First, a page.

For most Americans, this week (or next) marks the beginning of a new school year even though TV commercials for sales on notebooks, backpacks, and other school supplies started airing months ago. If you’re an adult returning to school, like I was back in 2013, there could be a whole slew of emotions about re-integrating into that lifestyle, both academically and otherwise; but, there’s something about setting foot on campus that puts students of any age in a whole different frame of mind. Homework deadlines seem to pile up before the first week has even begun, sleep becomes non-existent leading up to midterms and finals, and healthful eating habits go right out the window before the first semester is over.
During my dietetic internship at Lehman College two years ago, I was assigned a group presentation where we reported onÂ research findings about how college students tend to gain weight over the 6- to 8-week span of the winter holiday season (Thanksgiving through the New Year). Interestingly, though, the study participants weren’t “traditional” college students, i.e., 18- to 22-year-olds.Â In fact, the age span includedÂ grad students, some well into their 30s.
The studyÂ showed that,Â as seasons change and colder weather approaches, students are more likely to change their food, mood, and physical activity for the worse. Ongoing indulgences over the fall semester and into the holiday season can cause a significant increase in the percentage of body fat and fat mass, leavingÂ students vulnerable to obesity development from those unhealthful holidayÂ habits that may carry on further into their adulthood and passed onto their children or other family members. Increases in body fat areÂ a major factor in morbidity and mortality which is why it is important to strategize ways to maintain healthful eating and other lifestyle habits during stressful times.
If you start paying attention to your habits at the beginning of the school year, committing to choosing a lifestyle that supports healthy eating and physical activity, and recruiting your friends and classmates to get on board with you, you may find it easier to carry that mindset over through the semester, the holidays, into the next year, and every year after that.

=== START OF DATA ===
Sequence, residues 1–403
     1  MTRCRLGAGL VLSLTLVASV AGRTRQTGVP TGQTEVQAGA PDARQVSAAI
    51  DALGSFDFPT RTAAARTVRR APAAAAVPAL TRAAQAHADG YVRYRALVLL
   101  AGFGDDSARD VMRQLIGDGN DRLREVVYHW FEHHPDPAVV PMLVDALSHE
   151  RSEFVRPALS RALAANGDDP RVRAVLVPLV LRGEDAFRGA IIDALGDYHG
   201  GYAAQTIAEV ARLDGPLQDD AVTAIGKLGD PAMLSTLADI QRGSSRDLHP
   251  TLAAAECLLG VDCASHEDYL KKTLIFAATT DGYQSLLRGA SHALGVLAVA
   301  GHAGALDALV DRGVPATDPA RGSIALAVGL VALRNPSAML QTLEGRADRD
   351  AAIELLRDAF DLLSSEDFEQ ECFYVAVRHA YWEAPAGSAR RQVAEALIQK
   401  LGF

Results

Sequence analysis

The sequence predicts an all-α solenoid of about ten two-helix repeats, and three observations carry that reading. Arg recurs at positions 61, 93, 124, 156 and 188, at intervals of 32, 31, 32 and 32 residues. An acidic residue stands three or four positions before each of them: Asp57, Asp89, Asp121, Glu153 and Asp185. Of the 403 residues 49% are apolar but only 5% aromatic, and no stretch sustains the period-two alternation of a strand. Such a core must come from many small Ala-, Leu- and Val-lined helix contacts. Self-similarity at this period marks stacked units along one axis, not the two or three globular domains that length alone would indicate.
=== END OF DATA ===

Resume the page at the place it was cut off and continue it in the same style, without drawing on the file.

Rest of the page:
Consider the following:
- Head to class prepared. To avoid excess hunger and grabbing something not-so-great at the campus cafeteria or out of one of the many vending machines outside your classroom, pack yourself a bunch of healthy, satisfying snacks (e.g., apple with peanut butter or veggies with hummus) at the beginning of each week, then take one or a few of them with you when you head to campus for the day.
- Cut out sweetened beverages. Added sugar and calories will do you no favors in keeping you fit, healthy, and energized. Keep a water bottle with you at all times and drink from it regularly. Take advantage of getting free refills from campus water fountains.
- Read the Nutrition Facts Label. If you do ending up grabbing a packaged food or snack, be a savvy consumer and compare the sodium, calories, fats, and sugars in these items. Some vending machines have started incorporating a grading system to help you make healthier choices.
- Go play outside. Even if you’re cramming in a study session on your own or with some classmates, you deserve to take a break. Go for walk or toss a frisbee to each other for at least 10 minutes. Spending time away from the books and engaged in physical activity is a great way to give your tired brain and eyeballs a break and quality time with your friends.
- Join your campus’ nutrition club. A great way to stay committed to health and eating well during the school year is to get involved in activities that will guide those habits by default. Don’t have a nutrition club at your school? Start one!
- Be compassionate with yourself. If you do overindulge, try to keep your focus on the goal of long-term wellness. Remember your health is determined more by what you do on average most days than what you eat during any one meal.
- DÃaz-Zavala, R., Castro-CantÃº, M., Valencia, M., Ãlvarez-HernÃ¡ndez, G., Haby, M., & Esparza-Romero, J. (2017).Â Effect of the Holiday Season on Weight Gain: A Narrative Review. Journal of Obesity, 2017:1-13.
- Hull, H.R., Hester, C.N., & Fields, D.A. (2006).Â The effect of the holiday season on body weight and composition in college students. Nutrition & Metabolism, 3:44-61.
- U.S. Department of Agriculture Center for Nutrition on Policy and Promotion. (2013). MyPlate On Campus Toolkit. USDA: Alexandria, VA.
[A version of this article appeared on this blog on December 9, 2015.]